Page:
My Dog, My Twin!
We've all seen those stories about people and dogs that look alike, but did you know that we often share personality traits as well? How does that happen; do we pick out dogs that are like us or do we (dogs and people) change to be more like each other?
Two recent studies seem to indicate the answer is both! People tend to choose dogs that are similar in personality; a laid back person tends to look for a laid back dog. A runner tends to gravitate towards a more active dog. However, some of us adopt from places like PetFinder and don't even meet the dog first. How is it that dogs and people that have never met still end up being so similar?
It turns out dogs are so perceptive that they actually model their behavior after ours. If we are laid back couch potatoes, our dog gets into TV binging on the weekend too. If our lives are stressful and filled with anxiety, we transfer that stress to our dogs.
In studies about our personalities, it didn't seem to matter the breed of dog; most still tended to mold their personalities to the humans they spend the most time with.
There were a number of other interesting findings from the studies. For example, they found that dogs, just like people, are harder to train when they're older. We're all still "trainable," of course, but just not as inclined.
Dogs often physically resemble their people. Check out these lookalikes.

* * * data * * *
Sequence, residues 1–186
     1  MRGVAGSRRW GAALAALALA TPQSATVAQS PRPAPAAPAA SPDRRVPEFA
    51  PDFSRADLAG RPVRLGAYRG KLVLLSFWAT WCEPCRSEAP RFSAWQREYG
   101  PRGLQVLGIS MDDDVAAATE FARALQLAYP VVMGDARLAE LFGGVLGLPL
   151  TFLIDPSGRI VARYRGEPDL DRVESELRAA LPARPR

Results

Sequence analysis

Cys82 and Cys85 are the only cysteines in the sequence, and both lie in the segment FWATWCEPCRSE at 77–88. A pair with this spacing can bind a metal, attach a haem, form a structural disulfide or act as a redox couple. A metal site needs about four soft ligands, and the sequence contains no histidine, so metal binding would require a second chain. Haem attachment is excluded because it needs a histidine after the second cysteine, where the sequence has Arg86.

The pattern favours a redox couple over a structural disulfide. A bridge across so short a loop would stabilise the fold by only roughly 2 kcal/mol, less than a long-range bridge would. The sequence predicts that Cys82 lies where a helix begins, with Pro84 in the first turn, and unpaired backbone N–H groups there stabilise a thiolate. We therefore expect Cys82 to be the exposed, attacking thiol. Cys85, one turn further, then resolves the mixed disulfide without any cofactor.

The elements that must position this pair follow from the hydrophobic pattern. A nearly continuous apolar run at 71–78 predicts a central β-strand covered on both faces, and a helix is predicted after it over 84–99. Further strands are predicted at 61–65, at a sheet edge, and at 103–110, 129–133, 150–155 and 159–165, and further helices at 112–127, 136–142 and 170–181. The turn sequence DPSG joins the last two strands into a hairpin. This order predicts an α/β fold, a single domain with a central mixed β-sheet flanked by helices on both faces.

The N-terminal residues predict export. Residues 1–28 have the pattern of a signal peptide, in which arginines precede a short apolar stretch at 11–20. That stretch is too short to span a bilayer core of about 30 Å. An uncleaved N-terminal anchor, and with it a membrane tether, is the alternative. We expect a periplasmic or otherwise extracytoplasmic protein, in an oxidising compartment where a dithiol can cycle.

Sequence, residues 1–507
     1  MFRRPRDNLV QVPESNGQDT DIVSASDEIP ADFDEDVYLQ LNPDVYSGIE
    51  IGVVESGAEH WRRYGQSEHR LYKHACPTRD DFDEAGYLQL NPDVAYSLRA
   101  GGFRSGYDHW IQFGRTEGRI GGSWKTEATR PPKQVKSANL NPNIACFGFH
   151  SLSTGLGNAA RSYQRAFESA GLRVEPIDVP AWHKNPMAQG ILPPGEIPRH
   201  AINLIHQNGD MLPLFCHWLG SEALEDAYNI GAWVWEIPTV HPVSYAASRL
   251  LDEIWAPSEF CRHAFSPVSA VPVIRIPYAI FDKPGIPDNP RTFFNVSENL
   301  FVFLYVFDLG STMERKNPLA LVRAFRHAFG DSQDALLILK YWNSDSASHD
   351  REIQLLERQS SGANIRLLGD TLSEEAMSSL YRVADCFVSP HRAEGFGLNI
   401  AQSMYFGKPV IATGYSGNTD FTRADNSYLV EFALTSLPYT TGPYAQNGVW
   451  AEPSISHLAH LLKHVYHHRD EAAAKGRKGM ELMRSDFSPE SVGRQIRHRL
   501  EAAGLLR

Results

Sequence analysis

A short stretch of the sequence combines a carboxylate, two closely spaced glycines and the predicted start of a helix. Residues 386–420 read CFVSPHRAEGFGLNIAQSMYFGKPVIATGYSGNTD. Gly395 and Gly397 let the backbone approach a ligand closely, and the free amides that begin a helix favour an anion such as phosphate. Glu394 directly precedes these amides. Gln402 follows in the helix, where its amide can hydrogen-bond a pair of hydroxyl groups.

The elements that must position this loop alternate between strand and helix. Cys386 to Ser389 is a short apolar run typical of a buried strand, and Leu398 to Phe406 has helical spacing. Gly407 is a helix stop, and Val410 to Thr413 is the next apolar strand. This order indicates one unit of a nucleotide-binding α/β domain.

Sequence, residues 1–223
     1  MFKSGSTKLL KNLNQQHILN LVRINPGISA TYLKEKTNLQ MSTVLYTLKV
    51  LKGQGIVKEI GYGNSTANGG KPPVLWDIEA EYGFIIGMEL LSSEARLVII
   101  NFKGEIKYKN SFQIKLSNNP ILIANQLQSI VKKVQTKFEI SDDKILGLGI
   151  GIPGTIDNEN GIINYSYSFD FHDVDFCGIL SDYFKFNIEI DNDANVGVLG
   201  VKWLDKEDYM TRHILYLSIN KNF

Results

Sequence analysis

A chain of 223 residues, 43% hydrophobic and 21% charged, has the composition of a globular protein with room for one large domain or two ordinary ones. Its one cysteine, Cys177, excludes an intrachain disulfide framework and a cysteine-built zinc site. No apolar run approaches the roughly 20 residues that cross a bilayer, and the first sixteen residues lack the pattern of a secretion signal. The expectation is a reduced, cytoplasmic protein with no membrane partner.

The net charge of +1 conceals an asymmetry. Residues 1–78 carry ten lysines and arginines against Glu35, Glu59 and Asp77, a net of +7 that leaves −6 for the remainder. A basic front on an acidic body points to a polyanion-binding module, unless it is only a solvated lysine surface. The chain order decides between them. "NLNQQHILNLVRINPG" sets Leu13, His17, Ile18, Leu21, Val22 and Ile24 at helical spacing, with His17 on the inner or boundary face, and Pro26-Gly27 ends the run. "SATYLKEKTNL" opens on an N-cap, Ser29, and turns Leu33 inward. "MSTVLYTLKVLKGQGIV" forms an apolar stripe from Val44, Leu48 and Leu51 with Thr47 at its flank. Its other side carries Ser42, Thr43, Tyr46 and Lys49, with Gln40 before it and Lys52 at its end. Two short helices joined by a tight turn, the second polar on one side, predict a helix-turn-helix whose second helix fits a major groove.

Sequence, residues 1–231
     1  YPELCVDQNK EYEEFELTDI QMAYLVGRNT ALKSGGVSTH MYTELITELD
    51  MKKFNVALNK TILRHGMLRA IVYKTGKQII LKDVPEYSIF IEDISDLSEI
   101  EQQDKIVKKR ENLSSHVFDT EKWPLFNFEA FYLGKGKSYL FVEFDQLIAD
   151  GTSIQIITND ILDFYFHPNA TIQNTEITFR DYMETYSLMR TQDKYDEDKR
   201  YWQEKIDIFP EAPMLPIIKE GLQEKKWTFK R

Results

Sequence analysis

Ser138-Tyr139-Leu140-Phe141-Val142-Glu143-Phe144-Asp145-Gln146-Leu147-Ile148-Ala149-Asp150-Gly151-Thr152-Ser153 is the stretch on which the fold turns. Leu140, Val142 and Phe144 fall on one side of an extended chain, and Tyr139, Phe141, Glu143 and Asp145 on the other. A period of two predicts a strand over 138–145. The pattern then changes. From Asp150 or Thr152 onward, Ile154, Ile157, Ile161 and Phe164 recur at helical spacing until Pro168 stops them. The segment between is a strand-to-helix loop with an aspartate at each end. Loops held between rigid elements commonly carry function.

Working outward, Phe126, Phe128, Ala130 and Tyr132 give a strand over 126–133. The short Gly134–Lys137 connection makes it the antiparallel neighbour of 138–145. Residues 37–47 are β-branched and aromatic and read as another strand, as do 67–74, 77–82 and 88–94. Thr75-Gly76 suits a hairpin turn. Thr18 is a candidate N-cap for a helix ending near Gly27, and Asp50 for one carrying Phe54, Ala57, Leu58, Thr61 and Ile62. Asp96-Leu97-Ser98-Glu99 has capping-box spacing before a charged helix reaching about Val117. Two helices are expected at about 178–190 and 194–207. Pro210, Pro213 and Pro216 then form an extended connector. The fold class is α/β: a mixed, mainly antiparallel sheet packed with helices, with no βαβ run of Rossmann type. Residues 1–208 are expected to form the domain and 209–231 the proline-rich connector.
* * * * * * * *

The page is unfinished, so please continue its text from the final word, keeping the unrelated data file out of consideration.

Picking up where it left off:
Both people and dogs can shape their personalities situationally. So if we are with Grandma, we may be more quiet and calm than when we are with our besties.
Dogs that don't spend a lot of time with their humans can morph into being antisocial or depressed.
Research also showed that both dogs' and people's personalities moderated as they got older. Many are more relaxed and laid back as they age.
One personality trait they found that didn't change much with aging was dogs that are fearful and anxious. Most of them kept those traits for the rest of their lives.
They also found that some dogs with issues, housebreaking problems, barking, and destructive behavior often live in homes with higher stress levels. And while it seems more common for dogs to acquire our personality traits, we know that canines can affect our moods too (as every person with an emotional therapy dog will tell you). Our personalities are contagious!
Dogs are far more complex creatures and intelligent than we may have thought. The takeaway in all this is that our bond with our pets is more profound and stronger than ever, and the more time we spend hanging out, the better for everyone involved.